A group of people who helped at the scene of a highway crash in Ecuador in 2015 have kept in touch, including a Saskatoon nurse who recalls the event — and the unique circumstances involved — with vivid detail.
"It was probably the most unbelievable thing I have ever come across," Della Magnusson said, talking about the experience.
Magnusson was on vacation in Ecuador visiting the country as part of a tour.
'We came together as a team and we did this incredible work.' - Della Magnusson
On Feb. 23, 2015, their bus was the first to come upon the scene of a crash where an army truck had slammed into a car.
Without hesitation, people on the bus, including Magnusson, went to provide first aid.
She said what was remarkable was that there were several other medical professionals on the tour: two other nurses, a doctor and a pharmacist.
"We were just lucky to have everybody together on the bus like that," Magnusson said. "We just went to work."
She even had her stethoscope with her.
"I don't go anywhere without it," she said.
Five people in the car (a four-year-old girl, two young men, a grandmother and the male driver) were alive but had suffered serious broken bones and cuts and it was difficult to get them free of the wreck.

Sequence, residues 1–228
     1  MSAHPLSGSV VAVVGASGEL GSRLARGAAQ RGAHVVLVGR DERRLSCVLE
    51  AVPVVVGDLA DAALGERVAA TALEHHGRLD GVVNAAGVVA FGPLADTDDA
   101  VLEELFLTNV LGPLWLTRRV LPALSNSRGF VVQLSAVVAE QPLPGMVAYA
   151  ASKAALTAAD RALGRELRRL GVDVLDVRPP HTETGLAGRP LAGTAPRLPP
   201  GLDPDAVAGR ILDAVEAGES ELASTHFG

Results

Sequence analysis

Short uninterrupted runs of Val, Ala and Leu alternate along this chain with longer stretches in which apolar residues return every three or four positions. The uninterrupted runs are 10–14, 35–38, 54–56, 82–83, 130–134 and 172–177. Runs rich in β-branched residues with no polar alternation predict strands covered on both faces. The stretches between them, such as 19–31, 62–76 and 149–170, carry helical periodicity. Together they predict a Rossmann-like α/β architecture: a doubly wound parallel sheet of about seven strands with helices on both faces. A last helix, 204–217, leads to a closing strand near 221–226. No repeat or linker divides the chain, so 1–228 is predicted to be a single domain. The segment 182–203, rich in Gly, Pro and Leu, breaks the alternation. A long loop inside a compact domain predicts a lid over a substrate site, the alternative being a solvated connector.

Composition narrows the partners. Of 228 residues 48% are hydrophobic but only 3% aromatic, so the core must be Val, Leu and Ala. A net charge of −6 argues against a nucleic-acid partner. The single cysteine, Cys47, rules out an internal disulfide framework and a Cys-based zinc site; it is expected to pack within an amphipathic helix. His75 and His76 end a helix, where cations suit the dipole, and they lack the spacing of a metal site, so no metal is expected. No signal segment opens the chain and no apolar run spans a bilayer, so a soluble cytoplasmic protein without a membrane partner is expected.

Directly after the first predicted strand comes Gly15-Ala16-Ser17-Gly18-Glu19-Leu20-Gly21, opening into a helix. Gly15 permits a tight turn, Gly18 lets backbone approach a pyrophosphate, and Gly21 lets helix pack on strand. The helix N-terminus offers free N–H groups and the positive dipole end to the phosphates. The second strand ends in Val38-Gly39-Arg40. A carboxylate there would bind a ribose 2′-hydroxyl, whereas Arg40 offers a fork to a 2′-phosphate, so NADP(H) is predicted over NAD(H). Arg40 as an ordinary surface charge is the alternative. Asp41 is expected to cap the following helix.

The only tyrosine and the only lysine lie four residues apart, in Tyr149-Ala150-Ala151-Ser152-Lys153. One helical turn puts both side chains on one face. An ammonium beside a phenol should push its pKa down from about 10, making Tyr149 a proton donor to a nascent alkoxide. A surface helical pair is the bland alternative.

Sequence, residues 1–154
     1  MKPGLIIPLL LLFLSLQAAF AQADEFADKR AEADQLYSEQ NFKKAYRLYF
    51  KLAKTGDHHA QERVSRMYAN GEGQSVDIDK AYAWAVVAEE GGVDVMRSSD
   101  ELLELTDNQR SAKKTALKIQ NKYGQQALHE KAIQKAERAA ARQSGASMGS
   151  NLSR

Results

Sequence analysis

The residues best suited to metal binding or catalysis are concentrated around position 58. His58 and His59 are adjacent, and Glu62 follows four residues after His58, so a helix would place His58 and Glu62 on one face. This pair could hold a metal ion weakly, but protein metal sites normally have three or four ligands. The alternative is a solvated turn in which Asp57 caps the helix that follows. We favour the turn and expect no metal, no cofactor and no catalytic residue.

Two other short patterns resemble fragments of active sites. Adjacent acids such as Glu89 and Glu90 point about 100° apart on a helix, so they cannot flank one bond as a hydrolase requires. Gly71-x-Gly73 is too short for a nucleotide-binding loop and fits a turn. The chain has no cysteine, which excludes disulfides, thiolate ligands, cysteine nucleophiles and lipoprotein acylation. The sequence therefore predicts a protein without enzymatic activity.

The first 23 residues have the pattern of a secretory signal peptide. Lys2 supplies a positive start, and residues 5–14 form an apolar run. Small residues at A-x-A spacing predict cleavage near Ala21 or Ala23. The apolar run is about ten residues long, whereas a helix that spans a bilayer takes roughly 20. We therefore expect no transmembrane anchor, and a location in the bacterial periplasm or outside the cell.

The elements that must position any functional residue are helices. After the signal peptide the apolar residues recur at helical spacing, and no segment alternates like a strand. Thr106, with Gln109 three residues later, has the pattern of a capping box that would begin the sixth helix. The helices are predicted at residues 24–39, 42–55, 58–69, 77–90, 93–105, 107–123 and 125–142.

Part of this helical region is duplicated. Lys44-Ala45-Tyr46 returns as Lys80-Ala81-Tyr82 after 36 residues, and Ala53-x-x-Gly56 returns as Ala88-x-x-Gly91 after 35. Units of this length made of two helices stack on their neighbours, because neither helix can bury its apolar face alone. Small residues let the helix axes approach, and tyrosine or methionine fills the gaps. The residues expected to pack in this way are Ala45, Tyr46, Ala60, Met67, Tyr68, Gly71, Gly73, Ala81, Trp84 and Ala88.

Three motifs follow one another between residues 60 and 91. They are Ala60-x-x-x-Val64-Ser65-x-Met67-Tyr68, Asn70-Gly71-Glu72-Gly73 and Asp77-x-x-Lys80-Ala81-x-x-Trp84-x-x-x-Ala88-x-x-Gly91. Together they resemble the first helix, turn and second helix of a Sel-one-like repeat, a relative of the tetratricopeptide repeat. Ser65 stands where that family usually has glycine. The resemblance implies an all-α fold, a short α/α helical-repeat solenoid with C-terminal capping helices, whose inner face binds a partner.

Magnusson said everyone pitched in, including the tour operator, who provided translation help. When the girl was extricated from the car, another bystander quickly got her into a vehicle to take her to a hospital.
Even after an ambulance arrived, Magnusson and the others continued to work, donning gloves, administering pain medications and helping to stabilize the crash victims.
"Once we got a bag and the things that we needed ... I just went from one person to the next, getting their IVs into them," she said.
After loading a patient, Magnusson remembered, she had to remind the ambulance driver to not take off with her still onboard.
"We can't leave," she remembered saying. "We're on a tour."
She said the crash scene, once the patients were safely taken away, looked very serious. She later learned that all the injured people were going to be OK, although they were facing long recoveries from multiple fractures.
"Everybody was alive. Everybody was doing well," she said. Magnusson added she has not had a recent update on the people in the car, but has kept in touch with the tour operator and hopes to learn more.
She has also kept in contact with the other people on the bus (there were 28 altogether). Today, they all marvel at how they were in "the right place, at the right time [and were] the right people" to help out, she said.
"It was the most amazing thing," Magnusson said. "We came together as a team and we did this incredible work, pulling these people out of this vehicle and giving them medical care ... all the pieces fell together. It was just unreal."
She said they are considering a reunion of sorts, possibly in Ecuador, adding the experience bonded them in a special way.